high percentage of the words on that page.

 2. Running various forms of text mining and analysis over the PG. Many
    text mining and analysis techniques work by counting frequently
    repeated features. Such techniques can be relatively insensitive to
    error rates in the OCR (i.e., you get essentially the same results
    if your texts is 96% accurate or if your texts are 99.99% accurate).
    Many methods for topic modelling and stylistic analysis should
    produce immediately useful results.

 3. Using the multiple scans to identify and correct errors and to
    create a single optimized transcription. In most case, bad OCR
    produces nonsense forms that are not legal Greek or Latin. When one
    OCR run has a valid Greek or Latin word and others do not, that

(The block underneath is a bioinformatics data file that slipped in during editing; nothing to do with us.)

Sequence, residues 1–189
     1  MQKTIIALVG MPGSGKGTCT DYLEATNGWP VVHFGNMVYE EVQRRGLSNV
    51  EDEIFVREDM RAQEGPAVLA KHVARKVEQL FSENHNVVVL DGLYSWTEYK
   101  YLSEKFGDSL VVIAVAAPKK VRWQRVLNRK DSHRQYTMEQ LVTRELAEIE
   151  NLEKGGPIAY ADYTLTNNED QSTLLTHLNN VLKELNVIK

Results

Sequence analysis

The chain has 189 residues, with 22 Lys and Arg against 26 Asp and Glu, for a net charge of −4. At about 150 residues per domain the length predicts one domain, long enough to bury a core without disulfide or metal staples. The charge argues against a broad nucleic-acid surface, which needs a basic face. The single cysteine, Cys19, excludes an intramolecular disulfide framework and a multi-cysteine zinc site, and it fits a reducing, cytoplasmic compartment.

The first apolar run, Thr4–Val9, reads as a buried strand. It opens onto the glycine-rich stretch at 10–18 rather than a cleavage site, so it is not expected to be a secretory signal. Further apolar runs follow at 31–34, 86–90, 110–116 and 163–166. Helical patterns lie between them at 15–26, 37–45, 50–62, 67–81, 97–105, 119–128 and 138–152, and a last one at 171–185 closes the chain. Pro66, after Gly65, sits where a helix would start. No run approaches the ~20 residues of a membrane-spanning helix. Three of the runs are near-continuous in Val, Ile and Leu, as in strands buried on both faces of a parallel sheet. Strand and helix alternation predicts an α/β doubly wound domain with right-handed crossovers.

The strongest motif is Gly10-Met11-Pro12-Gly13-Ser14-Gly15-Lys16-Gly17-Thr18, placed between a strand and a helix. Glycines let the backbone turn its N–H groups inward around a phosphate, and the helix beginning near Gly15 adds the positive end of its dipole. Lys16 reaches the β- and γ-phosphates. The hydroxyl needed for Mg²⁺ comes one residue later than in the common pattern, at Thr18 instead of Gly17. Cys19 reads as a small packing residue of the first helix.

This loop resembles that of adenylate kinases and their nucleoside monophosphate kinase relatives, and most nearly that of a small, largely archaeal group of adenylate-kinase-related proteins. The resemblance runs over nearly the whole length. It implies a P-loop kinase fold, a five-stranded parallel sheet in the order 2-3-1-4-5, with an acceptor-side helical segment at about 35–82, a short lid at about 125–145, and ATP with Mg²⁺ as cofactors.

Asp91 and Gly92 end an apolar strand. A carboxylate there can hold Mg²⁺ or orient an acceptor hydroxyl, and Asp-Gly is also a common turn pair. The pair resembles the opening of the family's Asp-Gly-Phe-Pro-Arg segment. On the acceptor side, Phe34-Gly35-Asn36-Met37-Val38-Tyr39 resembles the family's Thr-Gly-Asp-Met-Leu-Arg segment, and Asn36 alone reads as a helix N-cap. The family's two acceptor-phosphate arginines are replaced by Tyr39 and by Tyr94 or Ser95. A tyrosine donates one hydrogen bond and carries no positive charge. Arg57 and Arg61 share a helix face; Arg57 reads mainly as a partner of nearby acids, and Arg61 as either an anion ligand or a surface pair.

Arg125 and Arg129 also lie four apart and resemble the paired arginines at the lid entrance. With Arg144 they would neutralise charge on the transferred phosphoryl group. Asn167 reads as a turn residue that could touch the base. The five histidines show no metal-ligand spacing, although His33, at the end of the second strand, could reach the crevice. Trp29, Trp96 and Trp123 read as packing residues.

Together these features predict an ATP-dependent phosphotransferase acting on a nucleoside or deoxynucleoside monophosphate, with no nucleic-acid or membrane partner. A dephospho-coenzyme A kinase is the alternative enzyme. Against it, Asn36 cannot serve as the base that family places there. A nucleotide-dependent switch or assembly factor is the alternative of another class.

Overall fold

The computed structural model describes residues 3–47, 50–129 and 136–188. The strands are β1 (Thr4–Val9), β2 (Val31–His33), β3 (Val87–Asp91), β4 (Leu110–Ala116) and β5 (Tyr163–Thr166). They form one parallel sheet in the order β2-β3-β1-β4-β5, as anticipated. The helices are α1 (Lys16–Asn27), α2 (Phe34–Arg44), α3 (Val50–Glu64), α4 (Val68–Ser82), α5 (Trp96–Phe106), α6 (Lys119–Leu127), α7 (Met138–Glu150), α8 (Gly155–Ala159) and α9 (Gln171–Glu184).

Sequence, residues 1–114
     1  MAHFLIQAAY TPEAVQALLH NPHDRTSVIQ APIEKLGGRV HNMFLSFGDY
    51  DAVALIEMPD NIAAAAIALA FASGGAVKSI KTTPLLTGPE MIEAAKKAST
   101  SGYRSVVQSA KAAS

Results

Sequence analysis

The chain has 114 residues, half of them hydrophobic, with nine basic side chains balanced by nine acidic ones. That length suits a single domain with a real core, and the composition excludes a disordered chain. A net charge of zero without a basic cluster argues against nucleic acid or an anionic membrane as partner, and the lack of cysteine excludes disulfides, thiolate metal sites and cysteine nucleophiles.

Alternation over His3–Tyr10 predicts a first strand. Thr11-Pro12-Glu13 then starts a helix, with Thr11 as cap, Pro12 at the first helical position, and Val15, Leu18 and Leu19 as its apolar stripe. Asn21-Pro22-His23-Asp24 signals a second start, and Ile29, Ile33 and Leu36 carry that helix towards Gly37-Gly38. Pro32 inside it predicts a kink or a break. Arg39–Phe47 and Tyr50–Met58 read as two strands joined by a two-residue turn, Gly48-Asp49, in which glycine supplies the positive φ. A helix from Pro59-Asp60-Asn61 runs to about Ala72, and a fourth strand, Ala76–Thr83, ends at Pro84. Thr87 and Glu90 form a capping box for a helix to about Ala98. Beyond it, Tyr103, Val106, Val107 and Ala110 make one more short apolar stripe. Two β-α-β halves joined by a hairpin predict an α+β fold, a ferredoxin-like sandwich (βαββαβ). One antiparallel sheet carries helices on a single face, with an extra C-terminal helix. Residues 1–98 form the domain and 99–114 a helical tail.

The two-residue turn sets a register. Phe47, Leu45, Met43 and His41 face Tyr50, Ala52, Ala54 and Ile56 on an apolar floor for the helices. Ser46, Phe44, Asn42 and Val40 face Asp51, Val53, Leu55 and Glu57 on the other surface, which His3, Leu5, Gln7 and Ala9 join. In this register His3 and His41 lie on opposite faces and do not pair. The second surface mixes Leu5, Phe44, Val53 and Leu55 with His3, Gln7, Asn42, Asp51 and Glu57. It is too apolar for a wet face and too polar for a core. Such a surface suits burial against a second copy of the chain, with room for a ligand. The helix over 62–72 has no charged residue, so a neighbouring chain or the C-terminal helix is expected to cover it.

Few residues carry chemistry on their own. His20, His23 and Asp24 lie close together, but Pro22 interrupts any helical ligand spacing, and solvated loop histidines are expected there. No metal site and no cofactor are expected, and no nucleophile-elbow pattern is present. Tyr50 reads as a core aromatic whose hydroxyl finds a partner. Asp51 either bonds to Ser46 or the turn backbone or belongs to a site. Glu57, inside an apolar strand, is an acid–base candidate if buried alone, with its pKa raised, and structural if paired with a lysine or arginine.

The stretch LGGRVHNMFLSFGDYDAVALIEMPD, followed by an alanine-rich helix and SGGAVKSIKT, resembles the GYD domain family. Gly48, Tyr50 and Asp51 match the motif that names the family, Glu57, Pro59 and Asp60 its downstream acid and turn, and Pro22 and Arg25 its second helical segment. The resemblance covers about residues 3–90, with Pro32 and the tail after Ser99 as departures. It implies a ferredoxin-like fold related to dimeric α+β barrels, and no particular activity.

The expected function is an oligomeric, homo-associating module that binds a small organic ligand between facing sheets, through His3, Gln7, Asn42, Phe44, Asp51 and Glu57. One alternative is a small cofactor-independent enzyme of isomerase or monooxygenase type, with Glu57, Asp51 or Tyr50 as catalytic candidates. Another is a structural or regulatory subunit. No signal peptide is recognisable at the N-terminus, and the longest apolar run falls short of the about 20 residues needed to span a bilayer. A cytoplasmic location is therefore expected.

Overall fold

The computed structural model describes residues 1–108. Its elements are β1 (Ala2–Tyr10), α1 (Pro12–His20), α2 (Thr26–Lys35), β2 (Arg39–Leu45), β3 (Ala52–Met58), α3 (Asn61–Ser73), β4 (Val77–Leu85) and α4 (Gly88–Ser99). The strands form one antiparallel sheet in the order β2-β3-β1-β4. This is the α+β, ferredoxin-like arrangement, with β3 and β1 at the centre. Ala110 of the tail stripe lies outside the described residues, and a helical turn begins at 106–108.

valid word is usually correct. Where two different scans produce
    valid Greek or Latin words (e.g., the common confusion of eumand
    cum), we can use the hOCR feature that allows us to include multiple
    possibilities. We can do quite a bit encoding the confidence that we
    have in the accuracy of each transcribed word.

 4. Providing a public error correction interface. One error correction
    interface already does exist and has been used to correct millions
    of words of OCR-generated Greek but two issues face us. First, we
    need to address the fact that we cannot ourselves serve page images
    from HathiTrust scans. HathiTrust members could use the system that
    we have by downloading the scans of the relevant volumes to their
    own servers but that does not provide a general solution. Second,
    our correction environment deals with OCR for one particular scanned
    copy. Ideally, the correction environment would allow readers to
    draw upon the various different scans from different copies and
    different OCR engines.